As Hannah, emphatically not dead, plows through The City streets, single-mindedly determined to right a wrong, the reader is immersed in a clever kaleidoscope. The scenery isn’t the only continuous change. Characters Hannah once deemed trustworthy must now be watched with suspicion. Those she was wary of may well serve as her true friends, with only her best interest in their hearts. Or not.

It is impossible to think. Information is inconsistent, often contradictory. The environment assaults all senses and –Hannah’s most horrific realization—she is losing her memory of the Cliffhouse with its useless lighthouse and why she is even here in the first place.

This page-turning, mysterious, fantastical journey will be widely received. Avid young readers yearning for something different will welcome this tale that, much like The City of the Dead, has many thought-provoking layers.

Reviewed by jv poore, March 2015.

Book Review: The Storied Life of A.J. Fikry by Gabrielle Zevin

The Storied Life of A.J. FikryThe Storied Life of A.J. Fikry
Gabrielle Zevin
Algonquin Books, December 2014
ISBN 978-1-61620-451-8
Trade Paperback

A.J. Fikry owns a bookstore on an island off the Massachusetts coast, which hasn’t been doing too well lately. Neither is Fikry, whose wife died a couple of years ago and whose prized possession, a rare Poe volume, has been stolen. When a toddler is abandoned in his store, changes take hold of his life. Funny, moving, a delightful surprise for readers who enjoy books like Major Pettigrew’s Last Stand by Helen Simonson and Graeme Simsion’s The Rosie Project.

Fikry asks the social worker who comes to collect the child if he can be little Maya’s foster father, although he has no experience with small children. “How hard can changing a diaper be?” he muses,” I know how to gift wrap a package.” But a toddler had round and wiggly contours that a stack of books lacks. He googles what to feed her, and ends up calling his sister-in-law, who brings over tofu lasagna. Fikry complains to the police chief that Maya has terrible taste in books. All she wants to read is The Monster at the End of this Book over and over.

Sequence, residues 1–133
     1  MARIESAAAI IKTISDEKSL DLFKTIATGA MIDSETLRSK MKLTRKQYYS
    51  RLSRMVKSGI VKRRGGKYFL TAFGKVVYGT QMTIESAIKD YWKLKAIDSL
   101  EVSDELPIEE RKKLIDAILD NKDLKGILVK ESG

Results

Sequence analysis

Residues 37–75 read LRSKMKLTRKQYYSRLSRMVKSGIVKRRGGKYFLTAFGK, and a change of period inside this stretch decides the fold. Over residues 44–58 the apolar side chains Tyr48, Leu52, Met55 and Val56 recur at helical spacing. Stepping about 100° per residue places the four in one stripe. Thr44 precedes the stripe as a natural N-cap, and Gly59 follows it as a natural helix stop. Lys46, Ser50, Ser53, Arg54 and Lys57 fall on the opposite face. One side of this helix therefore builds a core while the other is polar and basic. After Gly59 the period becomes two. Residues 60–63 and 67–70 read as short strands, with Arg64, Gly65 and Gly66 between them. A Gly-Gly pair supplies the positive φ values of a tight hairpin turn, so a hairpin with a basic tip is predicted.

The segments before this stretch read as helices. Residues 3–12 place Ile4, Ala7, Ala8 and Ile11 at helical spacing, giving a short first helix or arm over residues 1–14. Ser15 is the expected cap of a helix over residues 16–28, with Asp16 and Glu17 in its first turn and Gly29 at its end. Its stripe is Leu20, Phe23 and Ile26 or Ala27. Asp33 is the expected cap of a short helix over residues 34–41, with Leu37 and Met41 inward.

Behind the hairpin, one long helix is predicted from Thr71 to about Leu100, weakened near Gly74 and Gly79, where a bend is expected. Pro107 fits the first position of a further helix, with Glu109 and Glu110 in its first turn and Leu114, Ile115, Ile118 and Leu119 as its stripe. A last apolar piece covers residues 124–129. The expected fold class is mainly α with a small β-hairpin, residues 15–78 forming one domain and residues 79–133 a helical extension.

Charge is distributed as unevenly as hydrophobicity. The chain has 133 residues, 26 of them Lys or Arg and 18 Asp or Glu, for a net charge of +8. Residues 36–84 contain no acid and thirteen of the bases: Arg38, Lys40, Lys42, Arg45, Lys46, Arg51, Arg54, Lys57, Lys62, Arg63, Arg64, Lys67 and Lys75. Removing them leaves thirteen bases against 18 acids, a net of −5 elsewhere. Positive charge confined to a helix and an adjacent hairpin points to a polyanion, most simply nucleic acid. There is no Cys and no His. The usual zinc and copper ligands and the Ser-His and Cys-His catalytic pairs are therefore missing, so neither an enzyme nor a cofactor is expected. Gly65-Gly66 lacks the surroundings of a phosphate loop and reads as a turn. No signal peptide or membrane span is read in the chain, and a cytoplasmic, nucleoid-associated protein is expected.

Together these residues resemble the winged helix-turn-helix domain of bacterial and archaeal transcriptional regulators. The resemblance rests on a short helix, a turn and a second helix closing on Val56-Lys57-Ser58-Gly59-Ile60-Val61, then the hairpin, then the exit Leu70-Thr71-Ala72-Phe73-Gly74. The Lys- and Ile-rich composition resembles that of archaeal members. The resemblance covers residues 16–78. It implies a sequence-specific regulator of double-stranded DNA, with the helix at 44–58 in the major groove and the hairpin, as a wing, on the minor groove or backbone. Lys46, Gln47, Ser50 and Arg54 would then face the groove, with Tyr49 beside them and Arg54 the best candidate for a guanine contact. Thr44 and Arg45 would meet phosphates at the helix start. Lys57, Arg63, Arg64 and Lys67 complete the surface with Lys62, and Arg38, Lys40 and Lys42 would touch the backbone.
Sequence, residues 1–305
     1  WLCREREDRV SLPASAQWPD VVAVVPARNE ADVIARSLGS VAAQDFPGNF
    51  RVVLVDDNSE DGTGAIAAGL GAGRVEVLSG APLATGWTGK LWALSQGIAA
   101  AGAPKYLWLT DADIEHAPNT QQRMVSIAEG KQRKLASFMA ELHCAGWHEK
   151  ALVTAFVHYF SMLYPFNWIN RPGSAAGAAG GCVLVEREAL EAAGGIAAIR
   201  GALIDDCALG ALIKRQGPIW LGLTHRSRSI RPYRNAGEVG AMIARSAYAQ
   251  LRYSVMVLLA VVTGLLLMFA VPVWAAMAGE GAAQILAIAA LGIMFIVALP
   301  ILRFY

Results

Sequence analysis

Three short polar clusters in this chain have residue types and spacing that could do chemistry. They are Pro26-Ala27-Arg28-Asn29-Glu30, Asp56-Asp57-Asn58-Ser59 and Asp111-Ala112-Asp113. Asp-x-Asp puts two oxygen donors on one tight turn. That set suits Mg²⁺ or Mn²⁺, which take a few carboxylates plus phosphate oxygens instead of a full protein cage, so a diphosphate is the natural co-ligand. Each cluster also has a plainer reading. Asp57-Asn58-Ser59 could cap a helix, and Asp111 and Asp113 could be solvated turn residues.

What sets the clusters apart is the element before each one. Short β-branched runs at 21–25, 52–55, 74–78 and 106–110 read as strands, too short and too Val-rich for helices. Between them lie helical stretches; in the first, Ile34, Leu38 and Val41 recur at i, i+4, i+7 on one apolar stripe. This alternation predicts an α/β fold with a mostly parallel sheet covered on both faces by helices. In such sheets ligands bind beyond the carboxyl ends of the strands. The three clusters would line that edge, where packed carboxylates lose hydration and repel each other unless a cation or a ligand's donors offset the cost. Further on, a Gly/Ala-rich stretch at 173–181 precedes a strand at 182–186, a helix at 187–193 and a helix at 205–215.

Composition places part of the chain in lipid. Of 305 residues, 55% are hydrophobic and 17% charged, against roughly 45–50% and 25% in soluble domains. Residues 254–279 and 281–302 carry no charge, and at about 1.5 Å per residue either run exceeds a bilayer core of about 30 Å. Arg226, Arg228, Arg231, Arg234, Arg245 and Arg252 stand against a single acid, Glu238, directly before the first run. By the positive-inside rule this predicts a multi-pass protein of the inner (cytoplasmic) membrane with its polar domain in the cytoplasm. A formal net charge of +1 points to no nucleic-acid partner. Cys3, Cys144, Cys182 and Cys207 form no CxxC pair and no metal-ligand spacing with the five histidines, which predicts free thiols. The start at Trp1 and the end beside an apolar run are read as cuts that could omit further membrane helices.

When he enrolls her in dance school, his bookstore sponsors the recital. The local mothers offer him advice, and he begins to stock books on parenting and adds a growing selection of children’s books. The police chief, who discovers Maya’s mother was a young woman who drowned herself in the ocean nearby, stops by to check on the girl and to discuss books with Fikry. The question of why Maya was left at the bookstore is answered at the very end of the book, when the reader has totally forgotten how she came to stay.

Little by little the stand-offish and somewhat curt Fikry is drawn into town life. The transformative power of love works on Fikry’s relationships with his neighbor, his sister-in-law, and with a publisher’s representative with a soft spot for lost causes.

Each chapter of the book starts with the title of a short story and Fikry’s thoughts about it, and why it is important to know. Dahl’s “Lamb to the Slaughter” and Fitzgerald’s “Diamond as Big as the Ritz” are two of the stories that Fikry has on his “must read” list. This is a literate and witty book with a heart, and one of my favorites of this year. The author has written eight adult and young adult novels.

Reviewed by Susan Belsky, September 2015.